# 1.9: The function arg(z)

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## Many-to-one functions

The function \(f(z) = z^2\) maps \(\pm z\) to the same value, e.g. \(f(2) = f(-2) = 4\). We say that \(f(z)\) is a 2-to-1 function. That is, it maps 2 different points to each value. (Technically, it only maps one point to 0, but we will gloss over that for now.) Here are some other examples of many-to-one functions.

Example \(\PageIndex{1}\)

\(w = z^3\) is a 3-to-1 function. For example, 3 different \(z\) values get mapped to \(w = 1\):

\(1^3 = (\dfrac{-1 + \sqrt{3} i}{2})^3 = (\dfrac{-1 - \sqrt{3} i}{2})^3 = 1\)

Example \(\PageIndex{2}\)

The function \(w = e^z\) maps infinitedly many points to each value. For example

\(e^0 = e^{2\pi i} = e^{4\pi i} = ... = e^{2n \pi i} = ... = 1\)

\(e^{i \pi /2} = e^{i \pi /2 + 2\pi i} = e^{i \pi /2 + 4 \pi i} = ... = e^{i\pi /2 + 2 n \pi i} = ... = 1\)

In general, \(e^{z + 2n \pi i}\) has the same value for every integer \(n\).

## Branches of \(\text{arg} (z)\)

Important Note

You should master this section. Branches of \(\text{arg} (z)\) are the key that really underlies all our other examples. Fortunately it is reasonably straightforward.

The key point is that the argument is only defined up to multiples of \(2\pi i\) so every \(z\) produces infinitely many values for \(\text{arg} (z)\). Because of this we will say that \(\text{arg} (z)\) is a multiple-valued function.

Note

In general a function should take just one value. What that means in practice is that whenever we use such a function will have to be careful to specify which of the possible values we mean. This is known as specifying a branch of the function.

Definition

By a branch of the argument function we mean a choice of range so that it becomes single-valued. By specifying a branch we are saying that we will take the single value of \(\text{arg} (z)\) that lies in the branch.

Let’s look at several different branches to understand how they work:

**(i).** If we specify the branch as \(0 \le \text{arg} (z) < 2\pi\) then we have the following arguments.

\(\text{arg} (1) = 0\); \(\text{arg} (i) = \pi /2\); \(\text{arg} (-1) = \pi \); \(\text{arg} (-i) = 3 \pi /2\)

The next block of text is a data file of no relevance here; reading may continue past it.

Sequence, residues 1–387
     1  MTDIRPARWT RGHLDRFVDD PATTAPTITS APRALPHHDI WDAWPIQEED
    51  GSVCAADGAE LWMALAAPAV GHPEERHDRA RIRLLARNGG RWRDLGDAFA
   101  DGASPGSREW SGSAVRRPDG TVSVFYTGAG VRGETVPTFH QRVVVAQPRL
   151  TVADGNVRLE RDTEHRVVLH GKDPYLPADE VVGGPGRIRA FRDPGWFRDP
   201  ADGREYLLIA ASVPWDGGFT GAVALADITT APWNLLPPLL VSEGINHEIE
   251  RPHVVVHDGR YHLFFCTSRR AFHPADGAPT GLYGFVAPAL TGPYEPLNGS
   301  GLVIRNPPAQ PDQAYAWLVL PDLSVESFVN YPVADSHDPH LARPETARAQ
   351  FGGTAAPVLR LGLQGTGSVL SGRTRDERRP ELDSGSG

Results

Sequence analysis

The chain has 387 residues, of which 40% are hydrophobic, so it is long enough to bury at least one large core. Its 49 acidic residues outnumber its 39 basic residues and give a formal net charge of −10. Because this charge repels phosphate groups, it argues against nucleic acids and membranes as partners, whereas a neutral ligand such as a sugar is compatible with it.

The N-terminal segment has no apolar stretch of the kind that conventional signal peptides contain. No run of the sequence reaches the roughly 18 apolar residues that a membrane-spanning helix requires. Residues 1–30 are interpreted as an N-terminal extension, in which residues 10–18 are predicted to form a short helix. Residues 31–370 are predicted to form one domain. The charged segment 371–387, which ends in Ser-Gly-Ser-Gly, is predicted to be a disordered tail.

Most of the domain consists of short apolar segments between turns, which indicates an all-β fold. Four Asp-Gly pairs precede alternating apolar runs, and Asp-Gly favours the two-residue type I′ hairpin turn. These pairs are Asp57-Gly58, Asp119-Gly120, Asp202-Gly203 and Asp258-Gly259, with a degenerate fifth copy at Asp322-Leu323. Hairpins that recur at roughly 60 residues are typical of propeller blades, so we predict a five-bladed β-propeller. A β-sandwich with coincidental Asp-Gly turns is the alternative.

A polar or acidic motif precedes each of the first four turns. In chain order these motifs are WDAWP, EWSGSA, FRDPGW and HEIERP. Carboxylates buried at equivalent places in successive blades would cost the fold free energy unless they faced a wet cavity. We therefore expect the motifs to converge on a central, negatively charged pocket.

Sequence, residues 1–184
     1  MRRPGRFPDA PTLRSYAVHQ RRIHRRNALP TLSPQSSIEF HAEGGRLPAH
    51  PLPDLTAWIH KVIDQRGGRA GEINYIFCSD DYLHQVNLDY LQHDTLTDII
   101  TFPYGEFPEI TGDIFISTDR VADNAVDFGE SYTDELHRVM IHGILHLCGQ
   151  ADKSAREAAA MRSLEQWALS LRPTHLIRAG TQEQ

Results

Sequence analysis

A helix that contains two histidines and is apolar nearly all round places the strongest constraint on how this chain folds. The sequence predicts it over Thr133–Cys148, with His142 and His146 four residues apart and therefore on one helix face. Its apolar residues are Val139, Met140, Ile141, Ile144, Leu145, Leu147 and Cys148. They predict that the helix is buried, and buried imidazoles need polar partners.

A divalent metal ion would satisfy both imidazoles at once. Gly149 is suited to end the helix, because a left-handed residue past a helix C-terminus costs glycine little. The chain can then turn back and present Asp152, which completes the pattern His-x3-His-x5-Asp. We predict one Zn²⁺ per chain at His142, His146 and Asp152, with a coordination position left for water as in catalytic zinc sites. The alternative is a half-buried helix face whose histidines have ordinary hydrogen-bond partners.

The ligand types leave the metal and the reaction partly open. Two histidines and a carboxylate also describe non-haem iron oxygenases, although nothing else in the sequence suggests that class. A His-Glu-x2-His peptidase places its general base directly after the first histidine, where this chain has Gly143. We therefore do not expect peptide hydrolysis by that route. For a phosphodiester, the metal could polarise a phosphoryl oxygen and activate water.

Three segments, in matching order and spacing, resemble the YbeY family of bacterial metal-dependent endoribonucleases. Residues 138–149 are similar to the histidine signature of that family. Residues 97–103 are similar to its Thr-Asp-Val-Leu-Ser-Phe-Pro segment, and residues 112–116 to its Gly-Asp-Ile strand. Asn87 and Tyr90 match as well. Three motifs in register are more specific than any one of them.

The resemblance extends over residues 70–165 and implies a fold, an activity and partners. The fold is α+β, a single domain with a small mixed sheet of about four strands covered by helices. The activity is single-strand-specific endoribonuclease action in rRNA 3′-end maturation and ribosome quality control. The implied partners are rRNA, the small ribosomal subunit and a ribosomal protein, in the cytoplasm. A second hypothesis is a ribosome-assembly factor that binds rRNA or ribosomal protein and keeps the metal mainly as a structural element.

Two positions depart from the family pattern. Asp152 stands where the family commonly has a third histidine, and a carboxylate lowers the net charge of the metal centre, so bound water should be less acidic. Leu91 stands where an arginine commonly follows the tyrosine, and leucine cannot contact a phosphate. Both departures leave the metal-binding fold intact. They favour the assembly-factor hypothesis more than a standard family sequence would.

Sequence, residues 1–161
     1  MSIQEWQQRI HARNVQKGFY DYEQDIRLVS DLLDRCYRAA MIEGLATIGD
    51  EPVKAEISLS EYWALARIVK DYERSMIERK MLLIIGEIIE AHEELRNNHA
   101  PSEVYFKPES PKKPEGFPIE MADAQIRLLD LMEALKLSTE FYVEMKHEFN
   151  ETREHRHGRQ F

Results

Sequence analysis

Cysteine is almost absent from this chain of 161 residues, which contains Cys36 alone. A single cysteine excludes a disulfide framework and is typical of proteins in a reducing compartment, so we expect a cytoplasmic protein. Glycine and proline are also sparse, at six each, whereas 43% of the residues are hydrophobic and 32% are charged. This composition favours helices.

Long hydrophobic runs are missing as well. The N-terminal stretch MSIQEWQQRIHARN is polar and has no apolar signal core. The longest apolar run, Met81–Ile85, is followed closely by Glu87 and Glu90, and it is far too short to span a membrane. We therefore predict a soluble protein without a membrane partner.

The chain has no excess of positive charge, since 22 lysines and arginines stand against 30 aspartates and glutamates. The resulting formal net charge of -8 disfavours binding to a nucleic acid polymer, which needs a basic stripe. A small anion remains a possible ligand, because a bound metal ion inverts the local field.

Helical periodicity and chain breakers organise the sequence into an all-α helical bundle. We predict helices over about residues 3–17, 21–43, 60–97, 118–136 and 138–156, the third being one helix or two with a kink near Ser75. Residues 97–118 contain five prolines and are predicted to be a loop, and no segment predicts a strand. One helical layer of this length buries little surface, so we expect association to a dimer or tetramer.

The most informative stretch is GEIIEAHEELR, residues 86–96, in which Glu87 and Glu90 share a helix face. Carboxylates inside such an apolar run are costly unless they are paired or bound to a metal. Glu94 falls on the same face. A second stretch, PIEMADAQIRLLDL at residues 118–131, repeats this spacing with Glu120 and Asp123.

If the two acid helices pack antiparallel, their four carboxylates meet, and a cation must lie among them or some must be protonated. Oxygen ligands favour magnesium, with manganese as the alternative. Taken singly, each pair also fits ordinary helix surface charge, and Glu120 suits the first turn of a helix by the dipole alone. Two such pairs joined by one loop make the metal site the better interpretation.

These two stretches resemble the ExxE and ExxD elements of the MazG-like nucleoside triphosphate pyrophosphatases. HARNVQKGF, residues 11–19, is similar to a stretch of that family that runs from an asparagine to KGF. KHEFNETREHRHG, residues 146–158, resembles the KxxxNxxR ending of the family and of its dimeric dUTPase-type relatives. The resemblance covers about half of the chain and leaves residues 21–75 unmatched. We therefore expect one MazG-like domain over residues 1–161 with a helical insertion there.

This branch and these points are shown graphically in Figure (i) below.

Figure (i): The branch \(0 \le \text{arg} (z) < 2\pi\) of \text{arg} (z)\).

Notice that if we start at \(z = 1\) on the positive real axis we have \(\text{arg} (z) = 0\). Then \(\text{arg} (z)\) increases as we move counterclockwise around the circle. The argument is continuous until we get back to the positive real axis. There it jumps from almost \(2 \pi\) back to 0.

There is no getting around (no pun intended) this discontinuity. If we need \(\text{arg} (z)\) to be continuous we will need to remove (cut) the points of discontinuity out of the domain. The branch cut for this branch of \(\text{arg} (z)\) is shown as a thick orange line in the figure. If we make the branch cut then the domain for \(\text{arg} (z)\) is the plane minus the cut, i.e. we will only consider \(\text{arg} (z)\) for \(z\) not on the cut.

For future reference you should note that, on this branch, \(\text{arg} (z)\) is continuous near the negative real axis, i.e. the arguments of nearby points are close to each other.

**(ii).** If we specify the branch as \(-\pi < \text{arg} (z) \le \pi\) then we have the following arguments:

\(\text{arg} (1) = 0\); \(\text{arg} (i) = \pi /2\); \(\text{arg} (-1) = \pi\); \(\text{arg} (-i) = -\pi /2\)

This branch and these points are shown graphically in Figure (ii) below.

Figure (ii): The branch \(-\pi < \text{arg} (z) \le \pi\) of \(\text{arg} (z)\).

Compare Figure (ii) with Figure (i). The values of \(\text{arg} (z)\) are the same in the upper half plane, but in the lower half plane they differ by \(2 \pi\).

For this branch the branch cut is along the negative real axis. As we cross the branch cut the value of \(\text{arg} (z)\) jumps from \(\pi\) to something close to \(-\pi\).

**(iii).** Figure (iii) shows the branch of \(\text{arg} (z)\) with \(\pi /4 \le \text{arg} (z) < 9 \pi /4\).

Figure (iii): The branch \(\pi /4 \le \text{arg} (z) < 9 \pi /4\) of \(\text{arg} (z)\).

Notice that on this branch \(\text{arg} (z)\) is continuous at both the positive and negative real axes. The jump of \(2\pi \) occurs along the ray at angle \(\pi /4\).

**(iv)**. Obviously, there are many many possible branches. For example,

\(42 < \text{arg} (z) \le 42 + 2\pi \).

**(v). **We won’t make use of this in 18.04, but, in fact, the branch cut doesn’t have to be a straight line. Any curve that goes from the origin to infinity will do. The argument will be continuous except for a jump by \(2 \pi\) when \(z\) crosses the branch cut.

## The principal branch of \(\text{arg} (z)\)

Branch (ii) in the previous section is singled out and given a name:

Definition

The branch \(-\pi < \text{arg} (z) \le \pi\) is called the principal branch of \(\text{arg} (z)\). We will use the notation \(\text{Arg} (z)\) (capital A) to indicate that we are using the principal branch. (Of course, in cases where we don’t want there to be any doubt we will say explicitly that we are using the principal branch.)

## Continuity of \(\text{arg} (z)\)

The examples above show that there is no getting around the jump of \(2 \pi\) as we cross the branch cut. This means that when we need \(\text{arg} (z)\) to be continuous we will have to restrict its domain to the plane minus a branch cut.